Recent news, analysis, and commentary about the Afghan conflict: security, governance, development, Resolute Support, and the ANDSF.
ANDSF Losses. In a recent speech in front of an international audience – the World Economic Forum, in Davos, Switzerland – President Ghani stated that the Afghan National Defense and Security Forces had 45,000 KIA’s since 2014. The number of international casualties is less than 72; which shows who is doing the bulk of the fighting. (BBC News, Jan 25, 2019).
SMW Pilot Fights Battle Online. An Afghan pilot with the Special Mission Wing flies commandos into battle and fights the information operations war online using social media. (Stars and Stripes, January 26, 2019).
CN Ministry to Merge with MoI. Afghan President Ashraf Ghani has ordered the move of the Counter-Narcotics Ministry into the Ministry of Interior. the effort is supposed to result in good governance, public administration reform, greater effectiveness in CN activities, and reduction of drug demand.
Australia in Afghanistan? Giving President Trump’s desire to half the U.S. troop commitment to Afghanistan and the seeming progress in peace talks it might be time for the Australians to take another look at their involvement in this long war. So says Clive Williams in “Do we still need Australian troops in Afghanistan?”, The Sydney Morning Herald, January 29, 2019.
Security Company in Afghanistan Vanishes. Sabre International Security employed guards for the Canadian embassy in Kabul. When a bombing left many of their workers dead or wounded, the company vanished. Read “A Security Company Cashed in on America’s Wars – and Then Disappeared”, The Atlantic, January 29, 2019.
SIGAR Report. The Special Inspector General for Afghanistan Reconstruction has released it’s Quarterly Report to the United States Congress, January 30, 2019, 296 pages.
Security Force Assistance (SFA)
America’s SFA Problem. A recent article explains why Security Force Assistance has worked out in Africa and other places. “It is too focused on building an army in the absence of a viable state that has the institutional capacity and political willpower to sustain that army.” Read “Getting American Security Force Assistance Right: Political Context Matters”, by Jahara Matisek and William Reno, Joint Force Quarterly 92, January 2019.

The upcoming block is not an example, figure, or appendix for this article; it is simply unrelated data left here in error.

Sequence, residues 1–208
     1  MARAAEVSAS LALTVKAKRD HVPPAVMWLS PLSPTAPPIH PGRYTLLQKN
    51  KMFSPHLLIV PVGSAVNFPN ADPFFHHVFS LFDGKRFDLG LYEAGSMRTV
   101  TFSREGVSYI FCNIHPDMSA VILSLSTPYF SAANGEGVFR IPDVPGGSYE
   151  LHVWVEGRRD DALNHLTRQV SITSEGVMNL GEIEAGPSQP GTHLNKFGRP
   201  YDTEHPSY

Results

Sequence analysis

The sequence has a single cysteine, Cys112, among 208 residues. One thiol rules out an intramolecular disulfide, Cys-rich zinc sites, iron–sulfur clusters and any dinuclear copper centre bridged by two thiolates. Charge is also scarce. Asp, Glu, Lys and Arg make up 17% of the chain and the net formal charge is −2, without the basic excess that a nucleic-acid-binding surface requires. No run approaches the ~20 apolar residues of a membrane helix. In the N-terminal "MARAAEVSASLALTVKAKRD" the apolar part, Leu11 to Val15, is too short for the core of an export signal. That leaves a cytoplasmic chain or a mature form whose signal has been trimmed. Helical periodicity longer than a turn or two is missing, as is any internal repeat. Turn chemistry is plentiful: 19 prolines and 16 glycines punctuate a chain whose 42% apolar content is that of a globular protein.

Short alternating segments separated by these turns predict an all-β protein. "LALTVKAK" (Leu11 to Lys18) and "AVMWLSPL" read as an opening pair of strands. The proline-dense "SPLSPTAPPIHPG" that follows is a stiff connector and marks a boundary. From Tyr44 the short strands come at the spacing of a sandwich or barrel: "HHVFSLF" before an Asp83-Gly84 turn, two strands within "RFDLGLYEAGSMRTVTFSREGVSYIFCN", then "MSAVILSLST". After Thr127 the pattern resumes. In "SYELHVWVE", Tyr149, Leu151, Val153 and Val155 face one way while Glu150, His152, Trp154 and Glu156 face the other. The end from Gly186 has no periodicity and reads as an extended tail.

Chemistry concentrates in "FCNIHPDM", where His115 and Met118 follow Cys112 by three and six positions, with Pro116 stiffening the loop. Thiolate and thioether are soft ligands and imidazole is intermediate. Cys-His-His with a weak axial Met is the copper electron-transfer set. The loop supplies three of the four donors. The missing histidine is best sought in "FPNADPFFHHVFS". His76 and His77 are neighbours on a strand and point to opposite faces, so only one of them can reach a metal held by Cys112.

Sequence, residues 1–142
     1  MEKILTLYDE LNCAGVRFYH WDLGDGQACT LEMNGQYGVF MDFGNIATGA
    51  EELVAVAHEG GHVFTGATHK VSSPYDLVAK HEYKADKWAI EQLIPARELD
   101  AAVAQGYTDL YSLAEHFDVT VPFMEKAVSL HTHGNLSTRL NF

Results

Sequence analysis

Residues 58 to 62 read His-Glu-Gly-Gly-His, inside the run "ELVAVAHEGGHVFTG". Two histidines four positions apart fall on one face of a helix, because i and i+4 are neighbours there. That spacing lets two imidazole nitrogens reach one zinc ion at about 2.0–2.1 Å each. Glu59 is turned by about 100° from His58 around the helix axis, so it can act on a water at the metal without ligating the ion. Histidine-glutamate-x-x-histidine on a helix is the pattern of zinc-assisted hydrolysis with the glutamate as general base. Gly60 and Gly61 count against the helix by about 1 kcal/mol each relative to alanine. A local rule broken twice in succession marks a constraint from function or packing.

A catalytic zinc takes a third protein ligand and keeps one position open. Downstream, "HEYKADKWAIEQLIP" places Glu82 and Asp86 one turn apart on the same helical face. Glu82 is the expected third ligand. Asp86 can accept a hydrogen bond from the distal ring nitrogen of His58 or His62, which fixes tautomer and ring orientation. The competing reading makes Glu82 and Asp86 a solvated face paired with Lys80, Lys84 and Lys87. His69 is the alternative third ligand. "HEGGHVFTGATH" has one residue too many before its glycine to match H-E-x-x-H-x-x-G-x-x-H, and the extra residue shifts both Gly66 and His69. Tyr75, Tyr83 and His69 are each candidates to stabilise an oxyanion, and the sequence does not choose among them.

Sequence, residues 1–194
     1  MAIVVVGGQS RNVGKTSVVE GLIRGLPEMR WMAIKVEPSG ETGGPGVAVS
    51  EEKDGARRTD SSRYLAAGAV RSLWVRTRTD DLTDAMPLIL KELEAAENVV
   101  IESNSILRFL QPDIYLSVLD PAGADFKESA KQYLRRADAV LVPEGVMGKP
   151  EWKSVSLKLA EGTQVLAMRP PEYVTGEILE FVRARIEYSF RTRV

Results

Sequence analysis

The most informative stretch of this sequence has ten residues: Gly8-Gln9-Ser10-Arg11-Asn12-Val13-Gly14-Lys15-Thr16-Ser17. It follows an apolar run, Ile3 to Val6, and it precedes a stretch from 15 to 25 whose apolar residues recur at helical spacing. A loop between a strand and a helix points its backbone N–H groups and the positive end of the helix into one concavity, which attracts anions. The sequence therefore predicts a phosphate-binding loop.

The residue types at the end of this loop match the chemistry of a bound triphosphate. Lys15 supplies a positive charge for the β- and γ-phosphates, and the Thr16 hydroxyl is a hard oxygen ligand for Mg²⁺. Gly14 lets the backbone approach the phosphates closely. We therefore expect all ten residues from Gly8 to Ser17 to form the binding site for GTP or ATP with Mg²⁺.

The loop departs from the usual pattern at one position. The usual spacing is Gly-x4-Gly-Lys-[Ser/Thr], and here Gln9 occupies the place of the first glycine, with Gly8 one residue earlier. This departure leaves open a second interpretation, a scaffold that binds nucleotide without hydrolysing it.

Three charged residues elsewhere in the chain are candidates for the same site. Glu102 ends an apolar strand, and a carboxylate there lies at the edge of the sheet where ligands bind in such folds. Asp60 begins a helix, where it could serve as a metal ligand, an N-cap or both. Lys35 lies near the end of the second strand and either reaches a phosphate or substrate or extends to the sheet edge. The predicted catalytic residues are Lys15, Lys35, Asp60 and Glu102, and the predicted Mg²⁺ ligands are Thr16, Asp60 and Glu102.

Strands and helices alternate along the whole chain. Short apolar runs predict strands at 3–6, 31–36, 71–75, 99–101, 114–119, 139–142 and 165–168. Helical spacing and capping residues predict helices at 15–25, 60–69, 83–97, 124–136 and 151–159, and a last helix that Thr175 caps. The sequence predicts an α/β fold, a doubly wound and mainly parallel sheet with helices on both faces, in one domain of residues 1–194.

Progress in Talks? U.S. Special Representative for Afghanistan Reconciliation Zalmay Khalilzad has reportedly gotten close to an agreement with the Taliban. He has been engaged in shuttle diplomacy – flying from one capital city to another trying to generate a peace deal with the Taliban that would help the U.S. get out of that very long conflict. Key proponents of the peace deal include:
- The U.S. demand that the Taliban renounce terrorist groups like ISKP and al-Qaeda and not provide a safe haven for terrorist groups.
- The Taliban demand that the U.S. announce a timetable for withdrawal of U.S. troops from Afghanistan.
Troop Withdrawal Plan. It would appear that some results are forthcoming from talks between U.S. representatives and the Taliban. Apparently there are some preliminary agreements related to U.S. troops pulling out of Afghanistan. Read “U.S. – Taliban Agree on Troop Withdrawal Plan”, Voice of America, January 26, 2019.
“Peace Plan” or “Withdrawal Plan”? So will the Taliban keep their word? Doubtful. Will the agreement (if implemented) help the U.S. withdraw from Afghanistan? Very likely. Will it bring peace to Afghanistan? History tells us “No”. Can anyone say Decent Interval?
What’s Next? A tentative agreement is just that – ‘tentative’. The talks have not included the Afghan government; some say they get a vote. Certainly the talks between the U.S. and government of Afghanistan will be interesting. What is the Pentagon saying? Acting Secretary of Defense Patrick Shanahan told reporters that there are no ongoing preparations for an Afghanistan withdrawal. But I bet there is a group of majors and a couple of colonels at Resolute Support headquarters doing a ‘deep dive’ on this right now!